As Paul writes, because of Christ’s actions, we have received the gift of righteousness, which means that we are worthy of being saved, we are worthy of victory, we are worthy of blessing, we are worthy of being rescued.
Paul uses the word justification to say that through our faith in Christ, we are acquitted of our sins.
We are set free and any charges pressed against us are discharged.
Not only that, but we are set free as if nothing had happened, as if we have been good, pure, honorable, and decent all along.
Think of how amazing this is, especially from who it is coming from.
Paul was a very law-abiding Jew. He was very harsh when it came to following the commandments.
When people broke the Jewish Law, Paul was right there to arrest them, jail them, and have them persecuted.
Paul had it out for the Christians, standing by and approving the death of their earliest martyrs.
Paul was all about punishment, going into people’s homes, dragging them out and sending them to jail in chains.
Until Paul had an encounter with the resurrected Christ, an experience that made him challenge everything he knew and reevaluate his ways.
Paul went from persecuting Christians to proclaiming the Good News and bringing it around the ancient world.
So it makes sense that for a man who lived by the Law, arresting and punishing people, that he would experience Christ’s love and God’s abundant grace through legal terms.
It makes sense that Paul would use such words to say that in Christ we are
-Virtuous- meaning pure, good and honorable.
And that we are
-Righteous- meaning that we are worthy of being rescued, worthy of being blessed, and worthy of being triumphant.
Paul is stating that because of our faith in Christ we are worthy of fighting for.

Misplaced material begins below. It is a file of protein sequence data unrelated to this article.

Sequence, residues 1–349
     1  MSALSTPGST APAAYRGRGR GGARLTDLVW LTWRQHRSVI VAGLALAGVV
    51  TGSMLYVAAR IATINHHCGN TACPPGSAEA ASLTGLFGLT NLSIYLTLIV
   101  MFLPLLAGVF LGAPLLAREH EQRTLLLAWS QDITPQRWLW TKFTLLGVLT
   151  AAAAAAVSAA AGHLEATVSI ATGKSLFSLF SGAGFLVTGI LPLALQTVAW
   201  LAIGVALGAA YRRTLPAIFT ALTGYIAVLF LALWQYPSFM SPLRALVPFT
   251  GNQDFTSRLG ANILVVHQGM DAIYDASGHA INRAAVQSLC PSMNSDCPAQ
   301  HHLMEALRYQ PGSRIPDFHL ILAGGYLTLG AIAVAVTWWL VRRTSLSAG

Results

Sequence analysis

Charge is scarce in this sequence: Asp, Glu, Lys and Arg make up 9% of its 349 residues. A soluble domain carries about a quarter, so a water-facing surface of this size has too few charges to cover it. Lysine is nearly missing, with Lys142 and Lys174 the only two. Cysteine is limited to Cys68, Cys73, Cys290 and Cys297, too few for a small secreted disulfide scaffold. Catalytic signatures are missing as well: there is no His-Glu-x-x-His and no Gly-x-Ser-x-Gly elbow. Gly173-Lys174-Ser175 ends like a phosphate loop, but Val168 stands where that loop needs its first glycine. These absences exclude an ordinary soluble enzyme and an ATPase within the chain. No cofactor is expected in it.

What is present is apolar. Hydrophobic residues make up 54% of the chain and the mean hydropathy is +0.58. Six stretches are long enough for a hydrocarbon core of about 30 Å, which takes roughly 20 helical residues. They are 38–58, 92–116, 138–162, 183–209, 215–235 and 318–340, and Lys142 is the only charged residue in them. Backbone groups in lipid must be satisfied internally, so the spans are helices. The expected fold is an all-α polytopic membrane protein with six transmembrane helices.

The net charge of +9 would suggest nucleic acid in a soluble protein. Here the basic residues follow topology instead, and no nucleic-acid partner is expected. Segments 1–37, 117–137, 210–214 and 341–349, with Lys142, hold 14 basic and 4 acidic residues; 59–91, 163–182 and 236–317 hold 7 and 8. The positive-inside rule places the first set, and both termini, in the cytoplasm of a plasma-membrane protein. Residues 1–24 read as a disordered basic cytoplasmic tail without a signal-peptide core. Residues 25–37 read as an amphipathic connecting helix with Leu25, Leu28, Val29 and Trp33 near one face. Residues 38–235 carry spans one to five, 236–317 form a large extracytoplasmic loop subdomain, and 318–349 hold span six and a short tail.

Paul is saying that even though we all sin, we are all worthy of being saved.
Even though we all sin, we are all worthy of victory.
Paul is saying that in Jesus Christ we are bright lights and life’s seasonings.
…which brings us to the big “so what?”
If we are justified, if we have received the free gift of righteousness, how does it affect how we see and treat ourselves?
How different would you be if you said to yourself “In Christ I am good, in Christ I am pure, in Christ I am worthy of being blessed, and in Christ I am triumphant.”?
Would this affect how you see yourself? Would it affect the way you feel? Would it affect the choices you make and the style in which you lived?
If, because of Christ, we know others are justified and have received the gift of righteousness, how would it affect the way we interact with each other?
How different would life be if we looked upon another person and thought to ourselves “In Christ they are good, they are pure, they are worthy of being blessed, and in Christ they are triumphant.”?
How would claiming our own justification and righteousness allow us to celebrate the success of others and to live knowing that in Christ there is enough for all?
Finally, I’ve been thinking lately about things I have heard -in our church, in our community, and in the news.
Why, as Christians, does it seem like we are so preoccupied with revenge, and people getting theirs?
Why do we say karma’s gonna get them?
Why do we as a nation live in such a way that 1 in 20 people will go to prison in their lifetime? (www.bjs.gov)
Why do we say “In God We Trust” and yet each of us are taxed $260 to pay for someone else to be incarcerated?
Why, if in Christ we have received an abundance of righteousness do so many of us walk around as if we are angry….like, ALL the time?
Why do we, as a people of faith, and a nation, focus so much on sins and punishment instead of grace and the free gift of righteousness?
In conclusion, God wants to count us as happy. After all, we are created out of blessed adamah, filled with Living Waters, and empowered by God’s holy breath, shining with light, endowed with so much flavor, and living in the Land of Delight.
God has given us so much; God gives even more than we can imagine.
Through Jesus Christ God has given us the gifts of righteousness, the gifts of justification, and the gifts of grace.
Abundant, unceasing, and available to all who believe.
Believe that you are pure, believe that you are good, and believe that you are worth fighting for.
Amen and amen.